July 12, 2006
Midday Mayhem On North Main Street
We love to see them capering in a distant meadow or browsing languidly in the forest. They apparently love the flavor of the flowers we plant in our gardens. For the most part, here in the country, folks and fauna enjoy a peaceful coexistence. There are exceptions, however. Just ask Frank Calvo.
Last week, he told The Independent about his recent interaction with a local hoofed resident.
It all started on July 1 at around 2 p.m. The Saturday afternoon of the Fourth of July weekend was busy in Calvo's East Hampton Pharmacy on North Main Street. Calvo was standing in the pharmacy section of the store, speaking to a customer at the counter about 10 feet away. From that vantage point he could look out the window and down Cedar Street. What he saw next was quite a surprise.
A deer came running right down the middle of the busy street. The next thing Calvo heard was a crash coming from East Hampton Video and Electronics next door.
Amy Distler and Tracee Fedi were minding the store, standing behind counters helping a customer not two feet from the glass front door. "All of a sudden, Bam!" Distler recalled. "I thought it was a car." Then, she said, "We saw this deer writhing [on the front steps]."
It crashed into the door twice more, then tried to get through the window, "sliming it," the clerk recounted. After the last bash, the animal tumbled back, landing at the handicapped ramp in front of Calvo's store.
"She walked up the ramp and into the store," Calvo said, joking, "She probably wanted drugs. I wouldn't give her any and she got mad."
Once the deer hit the hard wood floor her hooves slid on the smooth surface, splaying out. That's when all hell really broke loose. The deer fell, then scrambled up, knocking over displays on the ascent. She ran forward, pushing a customer into a card rack. The forward gallop continued, ending at the closed back door, with yet another bang.
"She hits the door, falls back, gets up and hits it again," Calvo recounted.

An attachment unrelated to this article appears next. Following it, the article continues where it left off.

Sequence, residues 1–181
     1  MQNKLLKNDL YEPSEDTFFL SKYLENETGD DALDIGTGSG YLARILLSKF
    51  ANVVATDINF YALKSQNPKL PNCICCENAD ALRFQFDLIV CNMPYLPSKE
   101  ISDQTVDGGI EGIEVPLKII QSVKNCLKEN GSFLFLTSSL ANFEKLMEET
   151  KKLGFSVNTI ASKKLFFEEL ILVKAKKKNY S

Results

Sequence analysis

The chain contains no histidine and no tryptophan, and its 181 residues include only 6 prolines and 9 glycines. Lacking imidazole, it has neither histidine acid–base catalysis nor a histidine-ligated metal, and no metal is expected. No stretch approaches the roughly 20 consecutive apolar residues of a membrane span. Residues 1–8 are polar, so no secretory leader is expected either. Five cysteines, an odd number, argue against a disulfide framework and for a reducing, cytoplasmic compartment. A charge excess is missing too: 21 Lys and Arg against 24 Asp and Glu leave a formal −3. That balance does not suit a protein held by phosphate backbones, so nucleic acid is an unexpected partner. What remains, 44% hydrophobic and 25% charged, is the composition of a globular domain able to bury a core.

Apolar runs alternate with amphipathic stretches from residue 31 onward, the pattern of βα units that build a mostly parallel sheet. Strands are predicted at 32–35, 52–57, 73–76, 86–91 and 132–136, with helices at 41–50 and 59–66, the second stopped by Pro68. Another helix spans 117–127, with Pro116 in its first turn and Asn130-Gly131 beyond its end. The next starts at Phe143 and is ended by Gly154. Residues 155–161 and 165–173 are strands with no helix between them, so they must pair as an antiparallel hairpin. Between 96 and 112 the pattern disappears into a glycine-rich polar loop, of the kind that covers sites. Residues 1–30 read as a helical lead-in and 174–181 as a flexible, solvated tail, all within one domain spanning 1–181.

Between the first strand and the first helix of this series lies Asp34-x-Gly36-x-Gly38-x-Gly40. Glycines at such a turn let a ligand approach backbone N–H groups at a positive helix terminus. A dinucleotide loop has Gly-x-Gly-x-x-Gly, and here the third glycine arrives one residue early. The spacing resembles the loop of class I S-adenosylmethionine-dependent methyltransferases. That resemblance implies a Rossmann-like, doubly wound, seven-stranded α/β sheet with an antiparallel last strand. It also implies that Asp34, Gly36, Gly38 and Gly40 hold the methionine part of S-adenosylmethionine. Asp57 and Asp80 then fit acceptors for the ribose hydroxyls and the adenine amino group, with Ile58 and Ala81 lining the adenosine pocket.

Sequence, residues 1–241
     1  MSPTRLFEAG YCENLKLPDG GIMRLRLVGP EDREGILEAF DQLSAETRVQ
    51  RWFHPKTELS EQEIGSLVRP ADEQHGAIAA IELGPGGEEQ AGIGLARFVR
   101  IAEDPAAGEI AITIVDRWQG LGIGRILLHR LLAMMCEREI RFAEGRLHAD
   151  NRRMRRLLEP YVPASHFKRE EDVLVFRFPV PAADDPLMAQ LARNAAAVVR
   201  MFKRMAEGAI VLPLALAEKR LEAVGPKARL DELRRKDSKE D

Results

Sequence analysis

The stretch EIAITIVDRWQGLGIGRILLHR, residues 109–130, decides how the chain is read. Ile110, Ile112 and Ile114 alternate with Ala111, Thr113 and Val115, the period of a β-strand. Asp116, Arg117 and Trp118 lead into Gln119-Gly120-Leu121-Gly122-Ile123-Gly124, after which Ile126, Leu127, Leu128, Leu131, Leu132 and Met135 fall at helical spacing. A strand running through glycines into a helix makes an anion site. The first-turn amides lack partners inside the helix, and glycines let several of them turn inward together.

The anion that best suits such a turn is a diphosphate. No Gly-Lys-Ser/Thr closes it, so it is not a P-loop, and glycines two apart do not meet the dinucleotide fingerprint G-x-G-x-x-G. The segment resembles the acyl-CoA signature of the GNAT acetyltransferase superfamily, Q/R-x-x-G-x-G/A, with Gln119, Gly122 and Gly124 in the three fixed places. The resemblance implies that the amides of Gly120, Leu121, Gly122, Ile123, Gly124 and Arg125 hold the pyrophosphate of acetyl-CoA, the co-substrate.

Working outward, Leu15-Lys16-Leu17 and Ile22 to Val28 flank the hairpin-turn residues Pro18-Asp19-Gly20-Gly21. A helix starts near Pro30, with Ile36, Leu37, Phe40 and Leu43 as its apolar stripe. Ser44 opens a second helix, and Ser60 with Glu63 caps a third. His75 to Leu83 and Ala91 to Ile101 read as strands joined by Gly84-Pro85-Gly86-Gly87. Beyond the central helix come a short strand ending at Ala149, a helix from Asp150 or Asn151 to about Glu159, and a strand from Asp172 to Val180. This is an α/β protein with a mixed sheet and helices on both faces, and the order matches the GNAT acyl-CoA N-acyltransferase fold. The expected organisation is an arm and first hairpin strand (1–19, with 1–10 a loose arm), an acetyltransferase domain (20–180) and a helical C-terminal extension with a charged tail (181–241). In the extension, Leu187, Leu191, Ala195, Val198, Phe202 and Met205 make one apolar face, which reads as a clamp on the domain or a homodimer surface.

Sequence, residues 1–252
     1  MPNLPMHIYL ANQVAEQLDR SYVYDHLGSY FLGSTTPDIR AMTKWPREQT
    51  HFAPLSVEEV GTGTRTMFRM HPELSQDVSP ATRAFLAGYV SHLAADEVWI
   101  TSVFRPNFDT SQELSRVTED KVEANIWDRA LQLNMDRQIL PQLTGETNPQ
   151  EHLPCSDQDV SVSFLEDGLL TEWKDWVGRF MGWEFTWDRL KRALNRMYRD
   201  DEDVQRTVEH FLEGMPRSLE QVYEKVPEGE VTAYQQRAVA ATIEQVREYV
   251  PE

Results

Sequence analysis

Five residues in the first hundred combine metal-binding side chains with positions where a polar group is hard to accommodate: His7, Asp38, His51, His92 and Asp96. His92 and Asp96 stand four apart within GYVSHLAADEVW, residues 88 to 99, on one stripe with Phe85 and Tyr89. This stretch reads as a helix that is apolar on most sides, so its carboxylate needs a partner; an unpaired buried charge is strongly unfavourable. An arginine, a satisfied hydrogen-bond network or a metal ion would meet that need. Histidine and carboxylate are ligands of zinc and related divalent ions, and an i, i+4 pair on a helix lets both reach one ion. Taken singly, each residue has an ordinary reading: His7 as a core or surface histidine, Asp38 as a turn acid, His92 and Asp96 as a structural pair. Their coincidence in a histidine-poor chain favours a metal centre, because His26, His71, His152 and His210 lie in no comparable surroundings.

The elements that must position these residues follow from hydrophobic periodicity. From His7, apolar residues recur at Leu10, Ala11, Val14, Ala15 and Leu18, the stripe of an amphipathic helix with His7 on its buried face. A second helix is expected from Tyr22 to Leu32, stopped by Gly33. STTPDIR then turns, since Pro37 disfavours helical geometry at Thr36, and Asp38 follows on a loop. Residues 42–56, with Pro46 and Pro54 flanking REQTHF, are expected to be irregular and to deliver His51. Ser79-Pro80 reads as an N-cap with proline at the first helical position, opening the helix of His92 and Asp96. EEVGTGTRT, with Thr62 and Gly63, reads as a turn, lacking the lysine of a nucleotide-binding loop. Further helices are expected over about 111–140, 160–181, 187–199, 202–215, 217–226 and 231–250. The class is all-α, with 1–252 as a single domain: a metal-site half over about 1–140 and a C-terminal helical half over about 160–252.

Running back into the aisle, each step taking out more shelved merchandise, the deer veered into the section of the store that hadn't been trashed yet. By then, Calvo said, "the customers were all on the floor, one dove behind the counter."
Hitting a dead end, "she began to spin, chasing her tail like a dog." The shopkeeper stood there. "Apparently she felt trapped, because the next thing, she just dove right out the window."
The explosive sound of shattering glass brought people from as far away as inside the IGA on the corner out to see what had happened.
The force of propulsion threw the animal to the curb. Again, she regained her footing. "The last I saw, she was heading up the middle of the street under the railroad trestle," Calvo said. According to Village Police Chief Jerry Larsen, the crazed quadruped was never heard from again that day.
Larry Penny, director of Natural Resources for the Town of East Hampton, was at a loss to describe the deer's odd behavior. It could have been tick-infested and driven mad by the discomfort. Or, it could have simply been frightened by a neighborhood dog. Perhaps it used to live in a section of the neighborhood that's now being developed and was frightened by heavy equipment. Penny noted this isn't the first news of weird animal behavior. Earlier this spring, just nearby, a deer ran through a plate glass window at a residence.
Back at the pharmacy, by Friday, the mess had been cleaned up, but wooden boards still covered the window and door at the two stores. Calvo estimated damage at $10,000, which luckily, is covered by insurance. He expressed gratitude to both the town police, who arrived on the scene "in a second," as well as customers who pitched in with cleanup that afternoon.
Over at the video store, the young clerks were still shaking their heads over the drama. They had closed the door to turn on the air conditioning only moments before the deer hit. "It was kind of lucky," Distler observed. Are they scared it might happen again? "Now we stand here," Distler said from behind the counter. The young woman summarized the event, declaring, "It was just so random."